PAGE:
Important and Helpful Information

What is Gender Dysphoria?

Gender Dysphoria is a medical term and diagnosis used to describe individuals who feel or believe there is a discrepancy between their gender identity and their biological gender, and is previously known as Gender Identity Disorder (Nolen-Hoeksema, 2011). In other words, if you were born biologically a male and have always felt or believed you were a female, or were born biologically a female and have always felt or believed you were a male, you might be suffering from Gender Dysphoria.

According to the National Health Service, United Kingdom (n.d.) the discomfort or distress one feels when there is a mismatch between the biological sex assigned at birth and the gender they identify with can be very complex and difficult to understand.

What Are the Primary Symptoms of Gender Dysphoria?

According to WebMD (2014) some of the most common symptoms experienced by those suffering from Gender Dysphoria are:

-A desire to live as a person of the opposite sex.
-The desire to be rid of their own genitals.
-Dressing and behaving in a manner typical of the opposite sex.
-Withdrawal from social interaction and activity.
-Feelings of isolation, depression, and anxiety.

Not conforming to societal norms of one's biological gender is not necessarily a disorder; one must feel a great deal of distress and/or discomfort with their assigned biological gender before a diagnosis of Gender Dysphoria is made (WebMD, 2014).

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What Are Some of the Causes of Gender Dysphoria?

Biological theories of the origins of Gender Dysphoria include prenatal exposure to unusual levels of female or male hormones involved in the development of brain structures associated with gender identity and sexual orientation, and, family and twin studies indicate that up to 62% "of the variation in vulnerability to" Gender Dysphoria " is due to genetic causes" (Nolen-Hoeksema, 2011, p. 418).

There are psychological theories of how Gender Dysphoria develop that focus on family dynamics, or how parents might shape their children's gender identity through behavior reinforcement, but the evidence supporting these theories is weak (Nolen-Hoeksema, 2011).

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What Are Some Common Myths & Misperceptions About Gender Dysphoria?

A common misperception is that someone who likes to cross-dress must have Gender Dysphoria when, in fact, it is not the same at all as Gender Dysphoria has nothing to do with sexual orientation (National Health Service, n.d.).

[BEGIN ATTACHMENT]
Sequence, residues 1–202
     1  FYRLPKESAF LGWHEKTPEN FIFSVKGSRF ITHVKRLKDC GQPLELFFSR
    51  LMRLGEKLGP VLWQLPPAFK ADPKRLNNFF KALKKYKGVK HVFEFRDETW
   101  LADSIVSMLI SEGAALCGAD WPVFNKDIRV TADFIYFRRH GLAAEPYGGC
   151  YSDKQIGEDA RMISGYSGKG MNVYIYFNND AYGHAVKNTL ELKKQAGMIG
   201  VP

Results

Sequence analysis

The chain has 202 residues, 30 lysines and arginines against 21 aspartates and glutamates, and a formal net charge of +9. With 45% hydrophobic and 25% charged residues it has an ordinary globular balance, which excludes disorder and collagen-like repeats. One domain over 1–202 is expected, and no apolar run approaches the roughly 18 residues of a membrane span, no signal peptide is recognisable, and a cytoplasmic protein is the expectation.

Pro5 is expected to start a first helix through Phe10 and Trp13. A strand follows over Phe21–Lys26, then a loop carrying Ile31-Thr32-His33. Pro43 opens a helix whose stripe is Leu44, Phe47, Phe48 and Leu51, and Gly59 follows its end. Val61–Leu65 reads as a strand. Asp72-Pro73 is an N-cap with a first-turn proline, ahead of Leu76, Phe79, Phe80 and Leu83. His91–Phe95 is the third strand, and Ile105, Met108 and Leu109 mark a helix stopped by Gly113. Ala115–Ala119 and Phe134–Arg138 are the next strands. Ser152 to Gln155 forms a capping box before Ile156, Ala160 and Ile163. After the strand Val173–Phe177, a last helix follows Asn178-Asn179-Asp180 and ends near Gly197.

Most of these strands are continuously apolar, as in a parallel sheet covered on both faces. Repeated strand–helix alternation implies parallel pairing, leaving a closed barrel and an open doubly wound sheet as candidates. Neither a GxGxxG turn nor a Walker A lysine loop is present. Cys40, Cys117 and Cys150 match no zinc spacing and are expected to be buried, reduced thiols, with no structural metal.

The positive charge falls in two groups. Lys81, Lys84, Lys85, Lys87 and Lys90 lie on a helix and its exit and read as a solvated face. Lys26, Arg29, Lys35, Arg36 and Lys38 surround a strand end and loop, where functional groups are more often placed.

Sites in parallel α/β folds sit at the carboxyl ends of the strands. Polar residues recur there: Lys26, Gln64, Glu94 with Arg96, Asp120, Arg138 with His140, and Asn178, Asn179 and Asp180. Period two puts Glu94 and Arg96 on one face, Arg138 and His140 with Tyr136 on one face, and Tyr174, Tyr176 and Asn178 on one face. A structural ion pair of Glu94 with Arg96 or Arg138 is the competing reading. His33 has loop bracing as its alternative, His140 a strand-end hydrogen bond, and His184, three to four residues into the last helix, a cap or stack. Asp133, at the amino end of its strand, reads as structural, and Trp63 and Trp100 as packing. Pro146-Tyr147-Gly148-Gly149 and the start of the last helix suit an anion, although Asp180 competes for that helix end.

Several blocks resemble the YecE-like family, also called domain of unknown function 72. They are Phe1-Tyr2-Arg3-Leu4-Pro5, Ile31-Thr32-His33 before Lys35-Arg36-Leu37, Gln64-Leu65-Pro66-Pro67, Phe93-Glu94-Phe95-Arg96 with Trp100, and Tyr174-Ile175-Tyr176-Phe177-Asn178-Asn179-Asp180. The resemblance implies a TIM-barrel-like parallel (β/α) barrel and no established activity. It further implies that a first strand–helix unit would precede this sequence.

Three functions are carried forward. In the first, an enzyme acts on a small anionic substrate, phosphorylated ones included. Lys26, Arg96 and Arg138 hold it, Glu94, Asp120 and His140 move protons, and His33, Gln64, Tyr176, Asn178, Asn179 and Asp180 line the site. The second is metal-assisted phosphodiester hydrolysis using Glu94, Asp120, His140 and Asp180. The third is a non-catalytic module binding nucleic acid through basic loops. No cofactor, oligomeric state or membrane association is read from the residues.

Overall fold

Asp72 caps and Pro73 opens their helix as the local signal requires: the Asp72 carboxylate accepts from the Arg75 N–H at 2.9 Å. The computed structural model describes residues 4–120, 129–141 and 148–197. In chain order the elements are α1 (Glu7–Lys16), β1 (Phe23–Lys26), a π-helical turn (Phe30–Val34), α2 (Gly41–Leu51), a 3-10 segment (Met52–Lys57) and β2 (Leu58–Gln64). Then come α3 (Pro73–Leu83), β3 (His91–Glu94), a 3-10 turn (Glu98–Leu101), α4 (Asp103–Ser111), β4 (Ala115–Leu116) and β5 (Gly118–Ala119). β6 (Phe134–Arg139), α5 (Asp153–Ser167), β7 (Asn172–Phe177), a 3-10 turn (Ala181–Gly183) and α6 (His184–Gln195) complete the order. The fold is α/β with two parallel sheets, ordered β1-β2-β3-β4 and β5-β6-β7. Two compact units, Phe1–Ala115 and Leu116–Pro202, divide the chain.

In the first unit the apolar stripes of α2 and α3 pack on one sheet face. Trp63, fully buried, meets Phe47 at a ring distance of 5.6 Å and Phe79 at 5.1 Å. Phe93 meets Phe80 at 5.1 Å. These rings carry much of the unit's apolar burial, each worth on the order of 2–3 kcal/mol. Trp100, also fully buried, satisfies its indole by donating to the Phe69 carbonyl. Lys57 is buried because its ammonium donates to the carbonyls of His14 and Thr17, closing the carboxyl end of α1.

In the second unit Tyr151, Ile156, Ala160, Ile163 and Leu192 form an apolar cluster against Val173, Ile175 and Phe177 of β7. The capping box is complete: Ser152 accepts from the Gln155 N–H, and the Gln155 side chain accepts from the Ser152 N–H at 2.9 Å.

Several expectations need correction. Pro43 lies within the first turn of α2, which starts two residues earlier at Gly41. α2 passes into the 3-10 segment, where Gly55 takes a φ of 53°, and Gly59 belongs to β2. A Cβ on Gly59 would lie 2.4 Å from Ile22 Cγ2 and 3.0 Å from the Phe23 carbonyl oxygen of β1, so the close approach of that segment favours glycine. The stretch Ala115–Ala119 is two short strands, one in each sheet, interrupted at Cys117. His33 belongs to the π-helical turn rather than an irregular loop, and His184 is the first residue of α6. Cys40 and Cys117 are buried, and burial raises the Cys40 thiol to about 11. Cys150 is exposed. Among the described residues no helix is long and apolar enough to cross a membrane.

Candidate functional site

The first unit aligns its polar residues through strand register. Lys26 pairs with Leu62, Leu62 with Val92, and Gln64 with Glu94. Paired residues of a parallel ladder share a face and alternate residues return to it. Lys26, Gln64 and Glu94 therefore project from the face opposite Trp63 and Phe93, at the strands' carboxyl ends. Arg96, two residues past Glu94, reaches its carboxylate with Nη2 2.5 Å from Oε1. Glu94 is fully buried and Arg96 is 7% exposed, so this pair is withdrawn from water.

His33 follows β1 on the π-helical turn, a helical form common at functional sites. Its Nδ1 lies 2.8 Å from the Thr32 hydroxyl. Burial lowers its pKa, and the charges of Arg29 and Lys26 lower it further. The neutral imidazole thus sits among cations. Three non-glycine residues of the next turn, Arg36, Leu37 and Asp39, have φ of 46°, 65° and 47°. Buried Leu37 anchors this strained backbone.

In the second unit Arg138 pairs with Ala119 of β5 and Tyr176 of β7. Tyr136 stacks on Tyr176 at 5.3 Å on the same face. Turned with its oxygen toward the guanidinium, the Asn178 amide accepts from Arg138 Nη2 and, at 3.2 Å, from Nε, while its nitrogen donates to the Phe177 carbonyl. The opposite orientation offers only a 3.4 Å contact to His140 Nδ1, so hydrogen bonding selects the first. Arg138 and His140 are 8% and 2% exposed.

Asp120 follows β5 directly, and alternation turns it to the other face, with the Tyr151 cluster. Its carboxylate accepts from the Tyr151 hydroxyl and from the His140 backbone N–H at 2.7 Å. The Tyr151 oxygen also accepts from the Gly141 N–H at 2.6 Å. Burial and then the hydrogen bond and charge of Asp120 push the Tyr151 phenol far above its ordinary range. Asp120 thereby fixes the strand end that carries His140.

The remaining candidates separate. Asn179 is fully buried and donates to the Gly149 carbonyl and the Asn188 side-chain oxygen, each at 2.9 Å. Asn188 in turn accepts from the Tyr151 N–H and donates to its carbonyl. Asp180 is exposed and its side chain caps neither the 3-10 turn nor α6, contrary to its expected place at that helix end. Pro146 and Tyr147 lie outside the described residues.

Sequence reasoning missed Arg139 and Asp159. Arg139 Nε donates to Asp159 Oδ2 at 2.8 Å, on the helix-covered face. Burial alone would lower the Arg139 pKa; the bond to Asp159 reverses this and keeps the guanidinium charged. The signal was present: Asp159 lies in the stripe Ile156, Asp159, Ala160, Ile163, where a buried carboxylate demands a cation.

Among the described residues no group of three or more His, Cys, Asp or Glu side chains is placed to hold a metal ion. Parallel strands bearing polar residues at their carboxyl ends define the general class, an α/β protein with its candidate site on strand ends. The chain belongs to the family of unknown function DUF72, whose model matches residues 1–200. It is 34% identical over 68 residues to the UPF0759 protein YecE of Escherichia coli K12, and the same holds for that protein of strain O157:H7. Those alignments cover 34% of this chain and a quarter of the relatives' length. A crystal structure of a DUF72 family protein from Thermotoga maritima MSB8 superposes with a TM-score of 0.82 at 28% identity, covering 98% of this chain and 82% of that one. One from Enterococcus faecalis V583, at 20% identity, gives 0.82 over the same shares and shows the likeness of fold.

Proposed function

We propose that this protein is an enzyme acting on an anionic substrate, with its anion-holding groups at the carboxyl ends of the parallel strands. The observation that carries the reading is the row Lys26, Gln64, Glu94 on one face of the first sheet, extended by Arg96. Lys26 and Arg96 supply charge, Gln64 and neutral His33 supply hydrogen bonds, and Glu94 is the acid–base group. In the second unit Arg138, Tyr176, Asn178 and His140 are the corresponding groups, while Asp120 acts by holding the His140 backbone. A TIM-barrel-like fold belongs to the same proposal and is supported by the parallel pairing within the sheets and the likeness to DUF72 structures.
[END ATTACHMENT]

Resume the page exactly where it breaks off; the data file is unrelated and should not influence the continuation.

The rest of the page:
Another common misperception about Gender Dysphoria is that it means an individual is homosexual when, in fact, people with the disorder may identify as heterosexual, homosexual, bisexual or asexual (NHS, U.K., n.d.).

Also, as noted by Nolen-Hoeksema (2011) the term 'Gender Identity Disorder' (as Gender Dysphoria was previously known) was found to be stigmatizing in a survey of transgendered individuals, so has been rejected and replaced with the newer and non-stigmatizing term.

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Getting Help

According to the NHS, U.K. (n.d.) there are many different options available to you such as living and dressing as your preferred gender; or, taking hormones or even having treatment or surgery to change your body permanently. It's been found that the vast majority of those that have undergone treatment to permanently change their bodies are very satisfied with the eventual results (NHS, U.K., n.d.). Here is one woman's story:

We Are Here to Help

Your physicians are here to help and are available to discuss your feelings, symptoms and treatment options and to provide referrals and other support you may need or want. There is no need to suffer in silence if you are experiencing discomfort or distress based on your feelings of your assigned biology being mismatched to who you are.
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National Health Service Choices, United Kingdom. (n.d.). Gender Dysphoria. Retrieved


Nolen-Hoeksema, S. (2011). Abnormal psychology (6th ed.). New York: McGraw-Hill.

WebMD. (2014, August 21). Gender Dysphoria. WebMD Medical Reference. Retrieved from